InternationalReciprocal spaceTables for Crystallography Volume B Edited by U. Shmueli © International Union of Crystallography 2006 |
International Tables for Crystallography (2006). Vol. B. ch. 2.3, pp. 239-240
## Section 2.3.2.3. Finding heavy atoms |

The previous two sections have developed some of the useful mechanics for interpreting Pattersons. In this section, we will consider finding heavy-atom positions, in the presence of numerous light atoms, from Patterson maps. The feasibility of structure solution by the heavy-atom method depends on a number of factors which include the relative size of the heavy atom and the extent and quality of the data. A useful rule of thumb is that the ratio should be near unity if the heavy atom is to provide useful starting phase information (*Z* is the atomic number of an atom). The condition that normally guarantees interpretability of the Patterson function in terms of the heavy-atom positions. This `rule', arising from the work of Luzzati (1953), Woolfson (1956), Sim (1961) and others, is not inviolable; many ambitious determinations have been accomplished *via* the heavy-atom method for which *r* was well below 1.0. An outstanding example is vitamin B_{12} with formula C_{62}H_{88}CoO_{14}P, which gave an for the cobalt atom alone (Hodgkin *et al*., 1957). One factor contributing to the success of such a determination is that the relative scattering power of Co is enhanced for higher scattering angles. Thus, the ratio, *r*, provides a conservative estimate. If the value of *r* is well above 1.0, the initial easier interpretation of the Patterson will come at the expense of poorly defined parameters of the lighter atoms.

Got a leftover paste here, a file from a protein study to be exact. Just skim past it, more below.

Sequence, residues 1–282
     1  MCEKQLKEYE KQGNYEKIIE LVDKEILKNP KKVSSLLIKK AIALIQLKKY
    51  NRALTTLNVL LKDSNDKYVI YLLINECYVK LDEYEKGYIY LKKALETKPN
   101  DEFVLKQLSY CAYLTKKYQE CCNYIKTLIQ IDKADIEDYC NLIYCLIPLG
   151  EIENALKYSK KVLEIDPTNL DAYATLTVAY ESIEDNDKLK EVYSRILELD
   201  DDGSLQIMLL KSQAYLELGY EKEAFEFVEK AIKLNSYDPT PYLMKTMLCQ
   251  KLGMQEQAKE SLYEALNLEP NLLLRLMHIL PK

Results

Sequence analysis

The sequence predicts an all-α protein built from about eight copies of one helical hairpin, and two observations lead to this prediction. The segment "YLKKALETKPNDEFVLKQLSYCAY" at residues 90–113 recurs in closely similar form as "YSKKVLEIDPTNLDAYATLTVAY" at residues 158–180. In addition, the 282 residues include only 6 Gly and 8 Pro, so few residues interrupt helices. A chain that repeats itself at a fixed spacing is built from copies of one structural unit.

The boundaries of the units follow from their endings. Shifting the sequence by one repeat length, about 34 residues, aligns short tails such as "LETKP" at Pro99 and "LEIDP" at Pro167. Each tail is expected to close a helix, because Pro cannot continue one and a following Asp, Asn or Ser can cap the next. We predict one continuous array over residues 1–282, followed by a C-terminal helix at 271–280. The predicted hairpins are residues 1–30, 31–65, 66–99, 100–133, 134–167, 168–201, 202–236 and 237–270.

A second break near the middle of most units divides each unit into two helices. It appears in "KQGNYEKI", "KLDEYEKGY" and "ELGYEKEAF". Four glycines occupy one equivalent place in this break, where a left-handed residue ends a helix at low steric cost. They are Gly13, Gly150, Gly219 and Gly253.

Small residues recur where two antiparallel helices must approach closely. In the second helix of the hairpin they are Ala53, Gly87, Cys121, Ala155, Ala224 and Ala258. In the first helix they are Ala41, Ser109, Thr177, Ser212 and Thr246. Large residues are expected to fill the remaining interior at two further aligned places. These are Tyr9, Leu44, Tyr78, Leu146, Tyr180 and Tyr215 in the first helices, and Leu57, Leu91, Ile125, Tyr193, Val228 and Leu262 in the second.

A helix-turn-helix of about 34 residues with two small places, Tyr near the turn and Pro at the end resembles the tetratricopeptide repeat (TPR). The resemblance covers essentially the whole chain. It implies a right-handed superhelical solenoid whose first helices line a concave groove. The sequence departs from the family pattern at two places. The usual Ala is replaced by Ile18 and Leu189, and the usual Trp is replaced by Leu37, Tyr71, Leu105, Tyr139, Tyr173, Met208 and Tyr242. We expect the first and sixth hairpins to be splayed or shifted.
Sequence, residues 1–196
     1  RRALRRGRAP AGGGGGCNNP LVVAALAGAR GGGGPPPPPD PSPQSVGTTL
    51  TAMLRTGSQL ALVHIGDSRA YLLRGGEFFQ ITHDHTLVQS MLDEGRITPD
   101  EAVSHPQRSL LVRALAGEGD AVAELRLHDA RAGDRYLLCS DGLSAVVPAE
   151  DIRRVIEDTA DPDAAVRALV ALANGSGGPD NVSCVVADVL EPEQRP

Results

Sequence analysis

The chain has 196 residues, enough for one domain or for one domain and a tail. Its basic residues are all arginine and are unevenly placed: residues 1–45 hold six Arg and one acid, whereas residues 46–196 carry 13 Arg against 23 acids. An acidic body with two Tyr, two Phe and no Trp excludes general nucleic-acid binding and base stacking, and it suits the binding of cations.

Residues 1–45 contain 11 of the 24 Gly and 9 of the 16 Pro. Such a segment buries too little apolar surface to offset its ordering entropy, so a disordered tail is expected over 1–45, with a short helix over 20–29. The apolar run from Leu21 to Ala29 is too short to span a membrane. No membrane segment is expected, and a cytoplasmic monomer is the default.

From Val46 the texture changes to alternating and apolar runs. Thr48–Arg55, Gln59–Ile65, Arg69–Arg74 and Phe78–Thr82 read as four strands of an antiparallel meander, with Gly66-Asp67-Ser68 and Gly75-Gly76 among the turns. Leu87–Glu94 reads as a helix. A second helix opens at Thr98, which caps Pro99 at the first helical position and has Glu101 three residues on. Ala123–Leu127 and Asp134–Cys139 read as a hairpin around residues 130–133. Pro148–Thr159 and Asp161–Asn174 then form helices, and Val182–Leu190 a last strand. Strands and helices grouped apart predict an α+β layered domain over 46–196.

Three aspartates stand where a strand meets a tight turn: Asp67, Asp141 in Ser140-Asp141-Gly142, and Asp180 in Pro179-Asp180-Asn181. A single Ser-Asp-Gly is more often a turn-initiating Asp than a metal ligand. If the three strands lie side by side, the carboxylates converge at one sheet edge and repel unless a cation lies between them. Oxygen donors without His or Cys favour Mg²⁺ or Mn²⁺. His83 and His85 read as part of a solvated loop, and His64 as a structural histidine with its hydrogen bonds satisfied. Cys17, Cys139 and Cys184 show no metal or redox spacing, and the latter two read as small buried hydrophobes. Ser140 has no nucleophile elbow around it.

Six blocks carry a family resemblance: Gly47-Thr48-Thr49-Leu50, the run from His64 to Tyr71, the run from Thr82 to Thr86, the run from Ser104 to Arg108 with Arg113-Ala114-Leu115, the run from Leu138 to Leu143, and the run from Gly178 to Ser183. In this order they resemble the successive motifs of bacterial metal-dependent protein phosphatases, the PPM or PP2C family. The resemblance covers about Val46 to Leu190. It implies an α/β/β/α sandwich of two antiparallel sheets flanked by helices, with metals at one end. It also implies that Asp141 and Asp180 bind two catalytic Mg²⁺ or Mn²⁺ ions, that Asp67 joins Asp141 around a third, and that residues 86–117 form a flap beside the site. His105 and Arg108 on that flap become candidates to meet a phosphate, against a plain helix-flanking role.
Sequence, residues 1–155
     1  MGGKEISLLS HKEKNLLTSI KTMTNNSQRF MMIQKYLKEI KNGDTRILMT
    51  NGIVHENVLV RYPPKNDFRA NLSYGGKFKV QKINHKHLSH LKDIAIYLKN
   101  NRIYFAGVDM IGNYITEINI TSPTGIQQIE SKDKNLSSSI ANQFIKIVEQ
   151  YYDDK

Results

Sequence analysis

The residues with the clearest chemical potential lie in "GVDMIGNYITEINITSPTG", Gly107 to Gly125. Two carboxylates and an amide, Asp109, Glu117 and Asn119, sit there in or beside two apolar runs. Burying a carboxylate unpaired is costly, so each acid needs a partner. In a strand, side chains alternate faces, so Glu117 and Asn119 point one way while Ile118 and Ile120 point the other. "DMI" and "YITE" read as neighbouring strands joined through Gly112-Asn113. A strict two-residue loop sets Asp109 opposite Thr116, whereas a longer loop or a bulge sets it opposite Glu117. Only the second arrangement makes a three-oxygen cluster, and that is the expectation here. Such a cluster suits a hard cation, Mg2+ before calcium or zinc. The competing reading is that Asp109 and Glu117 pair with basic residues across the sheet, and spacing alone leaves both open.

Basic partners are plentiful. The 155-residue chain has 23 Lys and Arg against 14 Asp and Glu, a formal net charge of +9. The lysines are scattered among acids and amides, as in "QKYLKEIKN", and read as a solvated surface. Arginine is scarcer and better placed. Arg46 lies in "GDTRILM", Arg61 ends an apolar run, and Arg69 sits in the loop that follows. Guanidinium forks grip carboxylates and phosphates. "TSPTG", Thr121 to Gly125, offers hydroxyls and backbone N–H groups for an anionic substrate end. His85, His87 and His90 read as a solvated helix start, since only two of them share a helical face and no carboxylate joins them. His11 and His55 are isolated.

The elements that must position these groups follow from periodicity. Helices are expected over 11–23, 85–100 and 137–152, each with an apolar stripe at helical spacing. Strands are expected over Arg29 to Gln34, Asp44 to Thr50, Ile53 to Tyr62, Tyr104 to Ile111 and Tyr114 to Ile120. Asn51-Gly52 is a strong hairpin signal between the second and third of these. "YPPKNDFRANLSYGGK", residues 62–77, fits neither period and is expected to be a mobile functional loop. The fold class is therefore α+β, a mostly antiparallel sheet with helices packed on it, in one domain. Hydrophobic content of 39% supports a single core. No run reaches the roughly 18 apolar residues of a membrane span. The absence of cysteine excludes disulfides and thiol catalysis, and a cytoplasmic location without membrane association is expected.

A general strategy for determining heavy atoms from the Patterson usually involves the following steps.

Detailed and instructive examples of using Pattersons to find heavy-atom positions are found in almost every textbook on crystal structure analysis [see, for example, Buerger (1959), Lipson & Cochran (1966) and Stout & Jensen (1968)].

The determination of the crystal structure of cholesteryl iodide by Carlisle & Crowfoot (1945) provides an example of using the Patterson function to locate heavy atoms. There were two molecules, each of formula C_{27}H_{45}I, in the unit cell. The ratio is clearly well over the optimal value of unity. The *P*(*x*, *z*) Patterson projection showed one dominant peak at in the asymmetric unit. The equivalent positions for require that an iodine atom at , , generates another at and thus produces a Patterson peak at . The iodine position was therefore determined as 0.217, 0.042. The *y* coordinate of the iodine is arbitrary for yet the value of is convenient, since an inversion centre in the two-atom iodine structure is then exactly at the origin, making all calculated phases 0 or π. Although the presence of this extra symmetry caused some initial difficulties in the interpretation of the steroid backbone, Carlisle and Crowfoot successfully separated the enantiomorphic images. Owing to the presence of the perhaps *too heavy* iodine atom, however, the structure of the carbon skeleton could not be defined very precisely. Nevertheless, all critical stereochemical details were adequately illuminated by this determination. In the cholesteryl iodide example, a number of different yet equivalent origins could have been selected. Alternative origin choices include all combinations of and .

A further example of using the Patterson to find heavy atoms will be provided in Section 2.3.5.2 on solving for heavy atoms in the presence of noncrystallographic symmetry.

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